and the flight path angle, γ1  tan1

vr )1 A

v⊥ )1

 tan1

A

0.91127  13.187 3.8893

Orbit 2: The radius and true anomaly of points A and D on orbit 2 are known. From Equations 6.6 we find e2  

rD  rA 6378  18, 744   0.5469 rD cos θD  rA cos θA 6378 cos 0  18, 744 cos 150°

h2  μrA rD

cos θD  cos θA cos 0  cos 150°  398, 600 ⋅ 18, 744 ⋅ 6378 rD cos θD  rA cos θA 6378 cos 0  18, 744 cos 150

 62, 711 km 2 /s Now we can calculate the radial and perpendicular components of velocity on orbit 2 at point A. v⊥ )2  A

vr )2  A

h2  3.3456 km/s rA μ e2 sin 150  1.7381 km/s h2

Hence, the speed and flight path angle at A on orbit 2 are v A )2  v⊥ )2 2 + vr )2 2 = 3.7702 km/s A

γ 2  tan1

A

vr )2 A

v⊥ )2 A

 tan1

1.7381  27.453 3.3456

6.7 Apse line rotation

343

ΔvA

uˆ ⊥

A Lo h o ca l riz on

123.3°

rA 150°

FIGURE 6.16 Orientation of ΔvA to the local horizon.

The change in the flight path angle as a result of the impulsive maneuver is Δγ = γ 2 − γ1 = 27.453° − 13.187° = 14.266° With this we can use Equation 6.8 to finally obtain ΔvA, Δv A  v A )12  v A )2 2  2 v A )1 v A )2 cos Δγ  3.99462  3.77022  2  3.9946  3.7702  cos 14.266 Δv A  0.9896 km/s Note that ΔvA is the magnitude of the change in velocity vector ΔvA at A. That is not the same as the change in the magnitude of the velocity (i.e., the change in speed), which is v A )2  v A )1  3.9946  3.7702  0.2244 km/s To find the orientation of ΔvA, we use Equation 6.10, tan φ 

vr )2  vr )1 Δvr ) A 1.7381  0.9113 A  1.5207  A  3.3456  3.8893 Δv⊥ ) A v⊥ )2  v⊥ )1 A

A

so that φ  123.3 This angle is illustrated in Figure 6.16. Prior to firing, the spacecraft would have to be rotated so that the centerline of the rocket motor coincides with the line of action of ΔvA, with the nozzle aimed in the opposite direction.

6.7 APSE LINE ROTATION Figure 6.17 shows two intersecting orbits which have a common focus, but their apse lines are not collinear. A Hohmann transfer between them is clearly impossible. The opportunity for transfer from one orbit to the other by a single impulsive maneuver occurs where they intersect, at points I and J in this case. As can be

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CHAPTER 6 Orbital maneuvers

θ1

θ2 I

2

P′

r

η

Apse line of orbit 1 A

Apse line of orbit 2

P

F 1

J A′

FIGURE 6.17 Two intersecting orbits whose apse lines do not coincide.

seen from the figure, the rotation η of the apse line is the difference between the true anomalies of the point of intersection, measured from periapsis of each orbit. That is, η  θ1  θ2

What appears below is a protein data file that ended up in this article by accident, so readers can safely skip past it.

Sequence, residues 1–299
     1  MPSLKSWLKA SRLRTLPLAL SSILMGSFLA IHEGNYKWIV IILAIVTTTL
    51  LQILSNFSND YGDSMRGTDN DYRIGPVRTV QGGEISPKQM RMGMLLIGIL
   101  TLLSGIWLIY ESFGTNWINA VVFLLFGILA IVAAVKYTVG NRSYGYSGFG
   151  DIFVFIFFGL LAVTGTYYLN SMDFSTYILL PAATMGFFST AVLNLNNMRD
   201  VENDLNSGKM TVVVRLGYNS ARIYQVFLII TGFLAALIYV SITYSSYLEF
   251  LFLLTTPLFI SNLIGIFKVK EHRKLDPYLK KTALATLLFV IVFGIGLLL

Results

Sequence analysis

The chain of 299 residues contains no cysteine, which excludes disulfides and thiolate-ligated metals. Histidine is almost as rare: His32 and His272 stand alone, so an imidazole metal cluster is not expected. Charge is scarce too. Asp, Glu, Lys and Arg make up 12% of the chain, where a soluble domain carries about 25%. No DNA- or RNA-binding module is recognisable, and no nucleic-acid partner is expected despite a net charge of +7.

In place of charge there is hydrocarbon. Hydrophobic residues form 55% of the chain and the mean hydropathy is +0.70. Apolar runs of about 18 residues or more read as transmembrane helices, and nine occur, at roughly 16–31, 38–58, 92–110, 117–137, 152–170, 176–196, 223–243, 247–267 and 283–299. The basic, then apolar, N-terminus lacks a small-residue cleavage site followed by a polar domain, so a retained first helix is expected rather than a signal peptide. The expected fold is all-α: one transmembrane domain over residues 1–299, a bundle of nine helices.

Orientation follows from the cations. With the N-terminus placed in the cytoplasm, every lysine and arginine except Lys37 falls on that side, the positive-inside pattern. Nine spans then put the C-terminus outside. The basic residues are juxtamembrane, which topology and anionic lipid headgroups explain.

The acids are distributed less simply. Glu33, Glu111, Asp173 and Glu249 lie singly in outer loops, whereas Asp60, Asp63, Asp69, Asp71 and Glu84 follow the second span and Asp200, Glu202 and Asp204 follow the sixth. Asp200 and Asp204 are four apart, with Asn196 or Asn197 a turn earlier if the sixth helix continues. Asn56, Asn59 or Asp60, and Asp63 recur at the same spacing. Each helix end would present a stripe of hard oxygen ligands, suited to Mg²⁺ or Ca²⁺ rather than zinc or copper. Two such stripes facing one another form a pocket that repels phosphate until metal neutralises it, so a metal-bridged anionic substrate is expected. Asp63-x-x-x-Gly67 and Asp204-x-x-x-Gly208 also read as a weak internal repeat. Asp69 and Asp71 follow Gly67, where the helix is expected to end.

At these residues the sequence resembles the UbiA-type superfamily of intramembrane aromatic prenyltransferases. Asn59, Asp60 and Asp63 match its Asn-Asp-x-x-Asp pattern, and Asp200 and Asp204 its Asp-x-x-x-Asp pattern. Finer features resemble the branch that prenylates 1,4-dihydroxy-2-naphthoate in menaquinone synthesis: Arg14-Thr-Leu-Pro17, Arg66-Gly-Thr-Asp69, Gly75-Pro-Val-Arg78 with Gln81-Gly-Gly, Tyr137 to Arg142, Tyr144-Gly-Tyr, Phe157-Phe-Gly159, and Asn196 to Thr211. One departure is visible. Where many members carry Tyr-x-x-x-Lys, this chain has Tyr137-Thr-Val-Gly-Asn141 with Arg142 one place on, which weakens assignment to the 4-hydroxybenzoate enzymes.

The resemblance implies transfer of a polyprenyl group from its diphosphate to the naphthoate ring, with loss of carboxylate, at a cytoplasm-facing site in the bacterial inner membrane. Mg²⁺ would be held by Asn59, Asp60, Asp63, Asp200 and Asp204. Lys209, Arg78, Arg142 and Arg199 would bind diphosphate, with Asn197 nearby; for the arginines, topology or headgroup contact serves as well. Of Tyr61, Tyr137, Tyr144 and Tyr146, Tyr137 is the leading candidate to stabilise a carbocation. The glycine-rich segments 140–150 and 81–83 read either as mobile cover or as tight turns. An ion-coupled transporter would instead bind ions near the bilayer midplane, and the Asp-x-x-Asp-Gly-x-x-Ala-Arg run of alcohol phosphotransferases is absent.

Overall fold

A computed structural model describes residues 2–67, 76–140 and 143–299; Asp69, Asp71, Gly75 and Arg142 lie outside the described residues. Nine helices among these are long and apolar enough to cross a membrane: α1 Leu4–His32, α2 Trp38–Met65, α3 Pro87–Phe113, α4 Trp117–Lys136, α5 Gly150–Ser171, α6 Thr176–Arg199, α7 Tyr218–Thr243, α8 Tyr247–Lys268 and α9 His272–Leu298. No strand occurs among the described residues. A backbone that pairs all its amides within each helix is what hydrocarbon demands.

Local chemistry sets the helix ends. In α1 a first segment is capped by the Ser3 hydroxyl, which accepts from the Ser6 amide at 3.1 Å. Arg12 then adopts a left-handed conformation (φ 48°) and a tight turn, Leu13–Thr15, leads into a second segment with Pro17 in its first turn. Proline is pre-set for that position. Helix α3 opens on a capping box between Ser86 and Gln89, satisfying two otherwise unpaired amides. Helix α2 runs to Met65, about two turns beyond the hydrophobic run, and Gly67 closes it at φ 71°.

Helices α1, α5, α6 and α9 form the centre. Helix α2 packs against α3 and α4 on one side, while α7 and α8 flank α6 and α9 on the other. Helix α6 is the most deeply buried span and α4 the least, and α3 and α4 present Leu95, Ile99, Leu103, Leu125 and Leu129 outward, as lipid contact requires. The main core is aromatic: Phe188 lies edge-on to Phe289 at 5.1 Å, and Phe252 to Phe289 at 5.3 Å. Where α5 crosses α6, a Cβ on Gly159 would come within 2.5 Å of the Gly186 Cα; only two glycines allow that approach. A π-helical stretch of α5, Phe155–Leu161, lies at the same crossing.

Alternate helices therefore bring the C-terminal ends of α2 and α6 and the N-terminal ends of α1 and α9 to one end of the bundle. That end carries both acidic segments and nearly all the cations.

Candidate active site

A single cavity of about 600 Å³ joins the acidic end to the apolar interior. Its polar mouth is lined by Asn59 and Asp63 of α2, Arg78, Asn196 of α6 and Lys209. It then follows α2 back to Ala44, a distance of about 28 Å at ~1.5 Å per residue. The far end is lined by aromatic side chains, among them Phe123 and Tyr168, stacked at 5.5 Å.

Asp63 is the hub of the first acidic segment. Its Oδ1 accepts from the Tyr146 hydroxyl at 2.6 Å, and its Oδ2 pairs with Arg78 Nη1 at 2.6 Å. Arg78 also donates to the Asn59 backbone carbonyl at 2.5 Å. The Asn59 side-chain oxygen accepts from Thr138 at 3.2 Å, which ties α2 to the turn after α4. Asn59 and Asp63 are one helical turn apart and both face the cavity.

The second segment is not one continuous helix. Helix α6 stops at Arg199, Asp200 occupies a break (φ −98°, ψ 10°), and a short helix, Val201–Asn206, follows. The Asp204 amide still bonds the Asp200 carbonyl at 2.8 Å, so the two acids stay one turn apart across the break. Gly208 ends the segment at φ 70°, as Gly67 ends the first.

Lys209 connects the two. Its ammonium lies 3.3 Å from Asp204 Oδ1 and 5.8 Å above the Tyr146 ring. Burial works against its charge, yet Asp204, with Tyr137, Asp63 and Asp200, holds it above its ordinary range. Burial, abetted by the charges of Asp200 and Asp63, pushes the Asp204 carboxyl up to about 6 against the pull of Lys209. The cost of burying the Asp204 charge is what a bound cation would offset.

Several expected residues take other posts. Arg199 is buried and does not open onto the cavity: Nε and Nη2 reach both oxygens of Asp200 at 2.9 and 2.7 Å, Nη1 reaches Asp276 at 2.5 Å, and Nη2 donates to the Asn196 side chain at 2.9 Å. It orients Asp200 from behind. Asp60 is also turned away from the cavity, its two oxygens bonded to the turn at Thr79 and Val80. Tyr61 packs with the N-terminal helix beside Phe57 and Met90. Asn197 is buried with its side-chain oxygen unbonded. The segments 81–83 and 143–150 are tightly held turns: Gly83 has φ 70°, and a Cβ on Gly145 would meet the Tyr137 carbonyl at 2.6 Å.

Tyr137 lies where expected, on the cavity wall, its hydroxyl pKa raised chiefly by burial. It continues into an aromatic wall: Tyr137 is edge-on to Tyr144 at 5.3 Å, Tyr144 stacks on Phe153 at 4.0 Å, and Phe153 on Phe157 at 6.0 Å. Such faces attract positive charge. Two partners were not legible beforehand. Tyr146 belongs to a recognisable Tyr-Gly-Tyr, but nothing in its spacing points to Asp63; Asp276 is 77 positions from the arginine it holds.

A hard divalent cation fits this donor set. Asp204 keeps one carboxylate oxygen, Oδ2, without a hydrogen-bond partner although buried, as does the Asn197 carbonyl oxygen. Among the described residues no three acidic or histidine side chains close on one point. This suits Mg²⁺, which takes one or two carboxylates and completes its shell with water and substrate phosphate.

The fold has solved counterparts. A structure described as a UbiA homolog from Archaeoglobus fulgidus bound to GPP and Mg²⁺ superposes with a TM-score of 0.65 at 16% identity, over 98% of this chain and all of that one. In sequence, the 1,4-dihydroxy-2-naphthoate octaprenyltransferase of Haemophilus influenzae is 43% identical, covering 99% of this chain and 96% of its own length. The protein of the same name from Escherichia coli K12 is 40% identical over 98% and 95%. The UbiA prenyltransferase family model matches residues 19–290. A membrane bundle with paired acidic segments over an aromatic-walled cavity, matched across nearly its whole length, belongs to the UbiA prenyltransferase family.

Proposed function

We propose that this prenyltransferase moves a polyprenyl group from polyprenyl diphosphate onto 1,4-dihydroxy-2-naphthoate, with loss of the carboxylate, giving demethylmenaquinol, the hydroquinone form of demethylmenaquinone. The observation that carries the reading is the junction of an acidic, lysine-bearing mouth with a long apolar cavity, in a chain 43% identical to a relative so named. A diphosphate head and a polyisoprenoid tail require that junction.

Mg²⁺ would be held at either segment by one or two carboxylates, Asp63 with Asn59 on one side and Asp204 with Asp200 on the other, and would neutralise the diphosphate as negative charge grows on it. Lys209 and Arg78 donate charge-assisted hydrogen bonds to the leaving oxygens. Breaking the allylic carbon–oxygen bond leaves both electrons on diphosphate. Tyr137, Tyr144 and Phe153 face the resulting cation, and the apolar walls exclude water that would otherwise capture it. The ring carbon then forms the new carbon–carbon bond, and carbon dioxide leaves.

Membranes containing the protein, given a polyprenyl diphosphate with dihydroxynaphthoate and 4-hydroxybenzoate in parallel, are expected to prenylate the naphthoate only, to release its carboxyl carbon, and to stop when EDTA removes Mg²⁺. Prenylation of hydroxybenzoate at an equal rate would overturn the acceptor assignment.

(6.12)

We will consider two cases of apse line rotation. The first case is that in which the apse line rotation η is given as well as the orbital parameters e and h of both orbits. The problem is then to find the true anomalies of I and J relative to both orbits. The radius of the point of intersection I is given by either of the following rI )1 

h12 1 μ 1  e1 cos θ1

rI )2 

h2 2 1 μ 1  e2 cos θ2

Since rI )1  rI )2 , we can equate these two expressions and rearrange terms to get e1h2 2 cos θ1  e2 h12 cos θ2  h12  h2 2 Setting θ2  θ1  η and using the trig identity cos (θ1  η )  cos θ1 cos η  sin θ1 sin η leads to an equation for θ1, a cos θ1  b sin θ1  c

(6.13a)

where a  e1h2 2  e2 h12 cos η

b  e2 h12 sin η

c  h12  h2 2

(6.13b)

Equation (6.13a) has two roots (see Problem 3.12), corresponding to the two points of intersection I and J of the two orbits: ⎛c ⎞ θ1  φ  cos1 ⎜⎜⎜ cos φ⎟⎟⎟ (6.14a) ⎝a ⎠

6.7 Apse line rotation

345

where φ  tan1

b a

(6.14b)

Having found θ1 we obtain θ2 from Equation 6.12. Δv for the impulsive maneuver may then be computed as illustrated in the following example. Example 6.7 An earth satellite is in a 8000 km by 16,000 km radius orbit (orbit 1 of Figure 6.18). Calculate the delta-v and the true anomaly θ1 required to obtain a 7000 km by 21,000 km radius orbit (orbit 2) whose apse line is rotated 25° counterclockwise. Indicate the orientation φ of Δv to the local horizon. Solution First obtain the eccentricity and angular momentum of each orbit. The eccentricities of the two orbits are e1  e2 

rA1  rP1 rA1 + rP1 rA2  rP2 rA2  rP2



16,000  8000  0.33333 16,000  8000



21,000  7000  0.5 21,000 + 7000

(a)

The orbit equation yields the angular momenta rP 1 

h12 h12 1 1 ⇒ 8000  ⇒ h1  65, 205 km 2 /s μ 1  e1 cos (0) 398, 600 1  0.33333

rP 2 

h2 2 h2 2 1 1 ⇒ 7000  ⇒ h2  64, 694 km 2 /s μ 1  e2 cos (0) 398, 600 1  0.5 Δv φ

1

2 I

15

,17

5k

m

θ1

P2 25°

A1

P1

Earth J

A2